Because of the same-origin policy, an attacker cannot read or modify the value stored in the cookie. To successfully submit a form on behalf of the user, the attacker would have to correctly guess the pseudorandom value. If the pseudorandom value is cryptographically strong, this will be prohibitively difficult.

This technique requires Javascript, so it may not work for browsers that have Javascript disabled. [REF-331]

Note: Note that this can probably be bypassed using XSS (CWE-79), or when using web technologies that enable the attacker to read raw headers from HTTP requests.

Phase: Architecture and Design

Do not use the GET method for any request that triggers a state change.

Phase: Implementation

Check the HTTP Referer header to see if the request originated from an expected page. This could break legitimate functionality, because users or proxies may have disabled sending the Referer for privacy reasons.
Note: Note that this can be bypassed using XSS (CWE-79). An attacker could use XSS to generate a spoofed Referer, or to generate a malicious request from a page whose Referer would be allowed.
+ Detection Methods

Manual Analysis

This weakness can be detected using tools and techniques that require manual (human) analysis, such as penetration testing, threat modeling, and interactive tools that allow the tester to record and modify an active session.

Specifically, manual analysis can be useful for finding this weakness, and for minimizing false positives assuming an understanding of business logic. However, it might not achieve desired code coverage within limited time constraints. For black-box analysis, if credentials are not known for privileged accounts, then the most security-critical portions of the application may not receive sufficient attention.

Consider using OWASP CSRFTester to identify potential issues and aid in manual analysis.

Effectiveness: High

Note: These may be more effective than strictly automated techniques. This is especially the case with weaknesses that are related to design and business rules.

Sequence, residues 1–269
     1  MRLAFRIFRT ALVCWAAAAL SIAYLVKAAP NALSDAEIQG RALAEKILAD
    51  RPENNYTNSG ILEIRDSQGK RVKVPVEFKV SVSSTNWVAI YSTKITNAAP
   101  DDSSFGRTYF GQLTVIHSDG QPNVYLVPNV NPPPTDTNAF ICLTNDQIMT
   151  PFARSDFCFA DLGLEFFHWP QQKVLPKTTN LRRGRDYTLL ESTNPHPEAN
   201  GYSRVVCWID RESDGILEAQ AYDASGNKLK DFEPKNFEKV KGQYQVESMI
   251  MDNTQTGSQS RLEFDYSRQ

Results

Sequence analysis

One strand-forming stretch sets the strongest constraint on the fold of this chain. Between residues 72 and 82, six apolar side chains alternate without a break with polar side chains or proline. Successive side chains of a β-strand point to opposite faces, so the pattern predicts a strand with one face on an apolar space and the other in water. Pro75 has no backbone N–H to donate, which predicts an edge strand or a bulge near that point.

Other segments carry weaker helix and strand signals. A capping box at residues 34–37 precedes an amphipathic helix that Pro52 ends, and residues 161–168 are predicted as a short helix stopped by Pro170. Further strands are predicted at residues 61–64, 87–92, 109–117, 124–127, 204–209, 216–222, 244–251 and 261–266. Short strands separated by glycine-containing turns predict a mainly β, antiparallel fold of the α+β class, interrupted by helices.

Automated Static Analysis

CSRF is currently difficult to detect reliably using automated techniques. This is because each application has its own implicit security policy that dictates which requests can be influenced by an outsider and automatically performed on behalf of a user, versus which requests require strong confidence that the user intends to make the request. For example, a keyword search of the public portion of a web site is typically expected to be encoded within a link that can be launched automatically when the user clicks on the link.

Effectiveness: Limited

Automated Static Analysis - Binary or Bytecode

According to SOAR, the following detection techniques may be useful:

Cost effective for partial coverage:
  • Bytecode Weakness Analysis - including disassembler + source code weakness analysis
  • Binary Weakness Analysis - including disassembler + source code weakness analysis

Effectiveness: SOAR Partial

Manual Static Analysis - Binary or Bytecode

According to SOAR, the following detection techniques may be useful:

Cost effective for partial coverage:
  • Binary / Bytecode disassembler - then use manual analysis for vulnerabilities & anomalies

Effectiveness: SOAR Partial

Dynamic Analysis with Automated Results Interpretation

According to SOAR, the following detection techniques may be useful:

Highly cost effective:
  • Web Application Scanner

Effectiveness: High

Dynamic Analysis with Manual Results Interpretation

According to SOAR, the following detection techniques may be useful:

Highly cost effective:
  • Fuzz Tester
  • Framework-based Fuzzer

Effectiveness: High

Manual Static Analysis - Source Code

According to SOAR, the following detection techniques may be useful:

Cost effective for partial coverage:
  • Focused Manual Spotcheck - Focused manual analysis of source
  • Manual Source Code Review (not inspections)

Effectiveness: SOAR Partial

Automated Static Analysis - Source Code

According to SOAR, the following detection techniques may be useful:

Cost effective for partial coverage:
  • Source code Weakness Analyzer
  • Context-configured Source Code Weakness Analyzer

Effectiveness: SOAR Partial

Architecture or Design Review

According to SOAR, the following detection techniques may be useful: